Air Canada Passenger Suffers DVT After Being Stuck In Cramped Seat


A 64-year-old Victoria, Canada man claims that being stuck on an airline plane in cramped quarters has taken him from a once active man to one that is short of breath and has trouble moving around.

He says that doctors told him he nearly lost his life after a recent airplane trip.

In January, the man travelled to Argentina on a hiking trip. The trip home included a 10-hour flight from Chile to Toronto on an Air Canada 777 airplane.

The man says for most of the flight, passengers were discouraged from getting out of their seats because of turbulence. At over 6 feet tall, that was a problem for the man.

A day and a half after he returned home, he says he felt a sudden sharp pain in his lower back. When it was still there the next morning he went to a hospital.

Two CT scans later, doctors told the man he had deep vein thrombosis (DVT), which was likely the result of having to sit for most of the 10-hour flight, and that blood clots had migrated up his leg, through his heart and into his lungs.

DVT is a condition where a blood clot develops within a deep vein, usually in the thigh or leg. It can break off and make its way to the lungs, where it can cause breathing problems.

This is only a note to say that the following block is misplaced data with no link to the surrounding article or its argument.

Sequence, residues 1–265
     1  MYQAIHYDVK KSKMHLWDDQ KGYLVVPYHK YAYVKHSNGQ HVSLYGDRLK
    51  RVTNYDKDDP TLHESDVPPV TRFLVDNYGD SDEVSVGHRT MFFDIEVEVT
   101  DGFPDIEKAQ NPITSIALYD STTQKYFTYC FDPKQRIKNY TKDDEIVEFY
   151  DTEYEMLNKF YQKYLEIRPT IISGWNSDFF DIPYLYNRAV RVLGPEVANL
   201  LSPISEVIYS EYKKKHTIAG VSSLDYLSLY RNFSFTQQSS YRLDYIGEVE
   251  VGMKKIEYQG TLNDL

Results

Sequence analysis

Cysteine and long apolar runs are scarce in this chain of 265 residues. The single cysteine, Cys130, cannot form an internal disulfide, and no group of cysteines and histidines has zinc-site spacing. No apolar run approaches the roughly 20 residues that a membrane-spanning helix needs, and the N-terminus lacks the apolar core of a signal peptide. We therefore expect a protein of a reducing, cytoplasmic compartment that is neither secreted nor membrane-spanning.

According to the World Health Organization, passengers traveling in cramped areas for more than four hours are at risk.

The man raised the DVT issue with Air Canada and got this response:

“Medical evidence has shown that deep vein thrombosis (DVT) is the result of a pre-existing personal medical condition, related to an individual rather than a transportation system. International courts have confirmed that based on the aforementioned evidence there is no liability to air carriers for DVT that occurs during a flight.”

When it comes to the safety of passengers, in general, airlines have a total responsibility to make sure no passengers are harmed while onboard their plane. In the case of DVT, precautions must be made. Seating on airplanes, particularly in economy class, has shrunk over the years, although airline companies will argue that legroom has not been lost, just as this case shows.

DVT can occur in travelling passengers from the following issues:

  • Airline offering cramped seating where there is no room to move freely
  • Not being able to move around the aircraft cabin
  • Not having sufficient legroom

If you have suffered harm on an airplane trip, including DVT, our Florida Injury Lawyers at Whittel & Melton may be able to help you achieve financial compensation for your losses. Depending on the circumstances surrounding your injuries, we may be able to file an injury claim against the negligent airlines for damages.

Call us today at 866-608-5529 or contact us online for a free consultation.


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